New regulations skirt guidelines established by Flores Settlement
Advocates for immigrant rights are pushing back against proposed changes that would skirt rules established following the Flores Settlement. “The Trump administration has put forward another set of proposed rulemaking that would move to replace family separation with family incarceration in an unacceptable bid to jail children indefinitely and subject them to abuse,” Said Rep. Debbie Dingell. “We are Americans. We can’t stand for this.”
Click here to listen to Rep. Dingell’s statement on the separation of families.
In 1997, a federal court released a decision in the case of Flores v. Reno that required children be reunited with their family members without delay, protecting them from being indefinitely held in detention. Currently, under the court issued Flores Settlement, children cannot be held in detention for longer than 20 days. The decision also outlined specific guidelines for children in government custody ensuring that they were held in the “least restrictive conditions” possible and provided due process.
However, the Trump administration is using the federal regulation process to propose new standards for children in detention. These standards, as outlined by the government, could lead to children being jailed indefinitely and under dangerous and inhumane conditions. Additionally, the rule proposed to make it more difficult for children to be reunited with their parents or relatives.
The rules established following the Flores Settlement had not been a subject of controversy until the Trump administration directed Customs and Border Patrol to separate families in order to deter them from seeking asylum in the US. “Administrations from both sides of the aisle had supported it because it was the right thing to do,” said Oscar Castaneda, an immigrant rights organizer with Action Lansing. “We are speaking about real families and children here. I see them every single day and I see and feel their pain.”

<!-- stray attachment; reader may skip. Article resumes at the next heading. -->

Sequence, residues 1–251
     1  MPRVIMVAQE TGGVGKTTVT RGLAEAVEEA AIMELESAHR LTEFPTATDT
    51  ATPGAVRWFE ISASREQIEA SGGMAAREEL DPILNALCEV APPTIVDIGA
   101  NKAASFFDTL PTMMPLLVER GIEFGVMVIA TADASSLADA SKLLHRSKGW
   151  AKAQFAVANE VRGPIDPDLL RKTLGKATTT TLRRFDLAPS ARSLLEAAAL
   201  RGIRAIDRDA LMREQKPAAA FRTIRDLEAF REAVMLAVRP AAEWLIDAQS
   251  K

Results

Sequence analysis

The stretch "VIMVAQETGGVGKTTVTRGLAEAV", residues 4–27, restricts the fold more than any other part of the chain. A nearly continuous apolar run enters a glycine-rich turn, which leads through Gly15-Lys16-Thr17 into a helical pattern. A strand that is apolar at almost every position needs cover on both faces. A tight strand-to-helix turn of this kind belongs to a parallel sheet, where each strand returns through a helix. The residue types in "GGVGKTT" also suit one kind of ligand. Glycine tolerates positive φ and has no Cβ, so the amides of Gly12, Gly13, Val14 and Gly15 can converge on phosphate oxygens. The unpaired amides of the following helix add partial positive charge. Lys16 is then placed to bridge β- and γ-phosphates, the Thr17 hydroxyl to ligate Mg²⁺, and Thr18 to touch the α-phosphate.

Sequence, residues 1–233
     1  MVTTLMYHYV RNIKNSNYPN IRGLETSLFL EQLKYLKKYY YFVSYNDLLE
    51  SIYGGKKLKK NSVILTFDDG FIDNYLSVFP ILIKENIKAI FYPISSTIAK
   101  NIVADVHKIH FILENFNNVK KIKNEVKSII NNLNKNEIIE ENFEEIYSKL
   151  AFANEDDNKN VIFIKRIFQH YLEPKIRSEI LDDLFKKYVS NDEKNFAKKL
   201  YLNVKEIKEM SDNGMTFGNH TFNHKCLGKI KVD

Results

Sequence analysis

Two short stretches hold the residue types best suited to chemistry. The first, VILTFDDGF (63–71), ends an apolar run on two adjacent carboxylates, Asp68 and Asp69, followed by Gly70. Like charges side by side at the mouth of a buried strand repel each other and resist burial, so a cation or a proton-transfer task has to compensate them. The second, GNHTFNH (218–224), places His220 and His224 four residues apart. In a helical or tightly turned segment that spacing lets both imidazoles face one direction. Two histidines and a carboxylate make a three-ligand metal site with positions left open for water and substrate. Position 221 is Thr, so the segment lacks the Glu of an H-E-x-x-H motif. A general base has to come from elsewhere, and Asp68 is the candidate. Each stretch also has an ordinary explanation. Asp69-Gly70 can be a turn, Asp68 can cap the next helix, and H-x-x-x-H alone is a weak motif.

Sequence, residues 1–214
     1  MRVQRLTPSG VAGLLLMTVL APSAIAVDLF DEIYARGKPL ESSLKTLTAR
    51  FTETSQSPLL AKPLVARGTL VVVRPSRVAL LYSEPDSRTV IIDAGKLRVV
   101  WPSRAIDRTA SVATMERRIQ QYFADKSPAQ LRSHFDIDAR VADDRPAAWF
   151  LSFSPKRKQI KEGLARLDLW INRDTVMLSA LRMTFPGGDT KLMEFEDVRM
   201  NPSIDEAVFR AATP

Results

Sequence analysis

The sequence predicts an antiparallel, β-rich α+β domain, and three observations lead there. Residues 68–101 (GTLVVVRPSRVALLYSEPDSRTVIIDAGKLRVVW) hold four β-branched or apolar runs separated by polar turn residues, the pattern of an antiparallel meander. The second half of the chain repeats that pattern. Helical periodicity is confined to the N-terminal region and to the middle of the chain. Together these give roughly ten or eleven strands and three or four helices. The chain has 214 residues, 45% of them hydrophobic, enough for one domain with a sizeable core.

Click here to listen to Oscar Castaneda’s statement on the history of the Flores settlement.
Dr. Kay McGowan is a Cultural Anthropologist at Eastern Michigan University. She is also a member of the Native American Choctaw Nation. She points out that many of the families that are being separated at the border are indigenous peoples of Central America trying to escape violence in the region. Sadly, they are fleeing to a nation with a long history of separating families through slavery of African Americans and the forced indoctrination of native children in boarding schools. “The United States should not be in the business of creating ‘Family Jails’ nor should children ever be held in detention and treated as criminals,” said Dr. McGowan. “We need an end to the detention of those seeking asylum as refugees and an end, not an extension, of child imprisonment.”
Click here to listen to Dr. McGowan’s statement on the effect to indigenous peoples.
Rep. Dingell says she is among a group of US Representatives who have sent a letter to Health and Human Service Sec. Alex Azar and Homeland Security Sec. Kirstjen Nielsen to withdraw the proposed regulations and instead re-establish a family case management program.